The starting point to get an effective or “useful” Parliament in Ghana that can stand “boot-for-boot” with the executive arm of the government is to have some selfless and committed journalists who will devote a greater part of their time and energy to campaign incessantly till the current “one-person” Fourth Republic Constitution is amended, as the “constitution owner” JJ Rawlings himself suggested recently.
Keep in mind that there are three coequal branches of government, yet in genuine multiparty democracy the legislature is the main switchboard of the whole system. Parliament/legislature is the “people house” and this awareness immensely informed the founders of the United States to spend more time on the longest section of their constitution (Article 1) that establishes and lists all the powers of US Congress. If the US legislature and its legislators are not “useless,” it’s because the constitutional underpinnings of its lawmaking body is stronger than what Ghana has under this 4th republic constitution. The critics of Ghana’s Parliament must consider this reality, too.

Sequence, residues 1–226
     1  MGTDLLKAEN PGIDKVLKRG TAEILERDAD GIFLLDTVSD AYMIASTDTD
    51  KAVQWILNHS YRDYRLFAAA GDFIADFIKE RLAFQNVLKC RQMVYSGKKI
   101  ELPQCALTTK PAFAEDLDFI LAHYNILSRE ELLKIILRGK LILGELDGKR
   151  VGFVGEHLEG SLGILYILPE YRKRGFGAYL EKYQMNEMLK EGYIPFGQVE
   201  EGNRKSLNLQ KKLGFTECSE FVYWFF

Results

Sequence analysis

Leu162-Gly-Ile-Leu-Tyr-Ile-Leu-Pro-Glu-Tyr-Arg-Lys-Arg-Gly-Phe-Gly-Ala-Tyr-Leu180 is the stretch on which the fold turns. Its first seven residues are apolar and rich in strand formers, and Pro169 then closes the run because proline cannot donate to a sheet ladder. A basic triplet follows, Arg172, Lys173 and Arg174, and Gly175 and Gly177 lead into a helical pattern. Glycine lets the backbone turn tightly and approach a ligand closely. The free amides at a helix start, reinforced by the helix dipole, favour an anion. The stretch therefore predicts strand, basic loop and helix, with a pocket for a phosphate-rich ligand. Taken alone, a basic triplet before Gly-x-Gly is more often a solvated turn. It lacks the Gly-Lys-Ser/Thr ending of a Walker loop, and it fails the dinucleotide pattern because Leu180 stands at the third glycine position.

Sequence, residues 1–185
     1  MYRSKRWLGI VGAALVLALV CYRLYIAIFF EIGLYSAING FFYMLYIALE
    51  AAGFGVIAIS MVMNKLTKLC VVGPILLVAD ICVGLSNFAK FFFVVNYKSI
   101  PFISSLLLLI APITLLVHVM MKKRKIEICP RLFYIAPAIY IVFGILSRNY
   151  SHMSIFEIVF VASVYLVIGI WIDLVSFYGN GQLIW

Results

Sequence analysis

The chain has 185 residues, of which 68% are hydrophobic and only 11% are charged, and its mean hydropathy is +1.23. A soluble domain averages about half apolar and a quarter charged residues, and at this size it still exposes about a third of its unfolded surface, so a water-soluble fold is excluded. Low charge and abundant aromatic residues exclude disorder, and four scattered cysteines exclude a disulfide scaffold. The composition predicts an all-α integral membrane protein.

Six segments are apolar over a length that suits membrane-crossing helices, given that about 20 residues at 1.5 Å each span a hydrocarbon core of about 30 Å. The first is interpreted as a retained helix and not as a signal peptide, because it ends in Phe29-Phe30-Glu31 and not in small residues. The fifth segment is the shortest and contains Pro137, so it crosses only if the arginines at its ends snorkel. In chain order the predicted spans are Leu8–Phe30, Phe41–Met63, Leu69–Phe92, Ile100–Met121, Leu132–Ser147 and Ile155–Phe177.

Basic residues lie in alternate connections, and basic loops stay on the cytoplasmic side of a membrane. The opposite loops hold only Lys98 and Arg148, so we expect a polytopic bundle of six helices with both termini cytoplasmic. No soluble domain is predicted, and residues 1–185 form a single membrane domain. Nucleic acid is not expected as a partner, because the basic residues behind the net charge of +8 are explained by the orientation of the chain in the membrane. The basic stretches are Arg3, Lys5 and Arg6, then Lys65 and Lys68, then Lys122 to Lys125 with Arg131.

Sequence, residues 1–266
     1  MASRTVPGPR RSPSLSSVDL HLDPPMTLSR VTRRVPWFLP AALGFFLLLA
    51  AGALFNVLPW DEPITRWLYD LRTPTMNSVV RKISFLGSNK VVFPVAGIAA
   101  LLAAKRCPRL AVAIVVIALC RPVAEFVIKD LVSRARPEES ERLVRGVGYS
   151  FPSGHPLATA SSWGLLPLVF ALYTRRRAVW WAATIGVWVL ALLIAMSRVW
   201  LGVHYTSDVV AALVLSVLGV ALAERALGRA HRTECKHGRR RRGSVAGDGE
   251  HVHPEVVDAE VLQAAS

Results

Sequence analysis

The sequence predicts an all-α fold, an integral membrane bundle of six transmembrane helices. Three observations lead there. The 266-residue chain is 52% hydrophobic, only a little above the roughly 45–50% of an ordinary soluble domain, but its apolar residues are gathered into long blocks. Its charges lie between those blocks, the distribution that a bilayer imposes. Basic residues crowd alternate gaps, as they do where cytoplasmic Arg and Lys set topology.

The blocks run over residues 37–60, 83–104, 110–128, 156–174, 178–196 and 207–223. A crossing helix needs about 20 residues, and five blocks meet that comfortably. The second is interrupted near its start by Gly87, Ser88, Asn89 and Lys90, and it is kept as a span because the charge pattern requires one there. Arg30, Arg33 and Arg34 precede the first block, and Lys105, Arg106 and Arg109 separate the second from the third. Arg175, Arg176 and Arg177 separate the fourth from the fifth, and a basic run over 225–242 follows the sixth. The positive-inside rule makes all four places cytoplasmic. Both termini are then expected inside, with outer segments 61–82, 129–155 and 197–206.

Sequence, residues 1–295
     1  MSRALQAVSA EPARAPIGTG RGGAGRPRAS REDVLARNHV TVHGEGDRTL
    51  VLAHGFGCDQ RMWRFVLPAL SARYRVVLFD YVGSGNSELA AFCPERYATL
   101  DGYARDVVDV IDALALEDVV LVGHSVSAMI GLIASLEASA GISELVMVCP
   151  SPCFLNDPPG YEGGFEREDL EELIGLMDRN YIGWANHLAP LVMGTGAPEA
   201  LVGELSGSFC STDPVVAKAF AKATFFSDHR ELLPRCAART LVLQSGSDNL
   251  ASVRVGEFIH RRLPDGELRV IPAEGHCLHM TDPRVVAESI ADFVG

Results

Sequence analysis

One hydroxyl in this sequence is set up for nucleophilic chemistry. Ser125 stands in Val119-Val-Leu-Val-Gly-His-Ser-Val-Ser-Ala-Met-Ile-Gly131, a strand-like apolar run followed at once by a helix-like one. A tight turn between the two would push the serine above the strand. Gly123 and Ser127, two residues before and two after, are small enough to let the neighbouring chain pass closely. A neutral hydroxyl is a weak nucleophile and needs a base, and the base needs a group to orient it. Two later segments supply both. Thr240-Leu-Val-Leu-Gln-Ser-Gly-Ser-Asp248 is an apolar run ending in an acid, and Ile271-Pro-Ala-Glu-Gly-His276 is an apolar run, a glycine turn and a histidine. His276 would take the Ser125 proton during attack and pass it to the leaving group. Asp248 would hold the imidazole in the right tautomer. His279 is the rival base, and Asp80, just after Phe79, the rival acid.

Bernard Asubonteng is a US-based writer and Ph.D. candidate for public policy with specialization in foreign policy. Email: firstname.lastname@example.org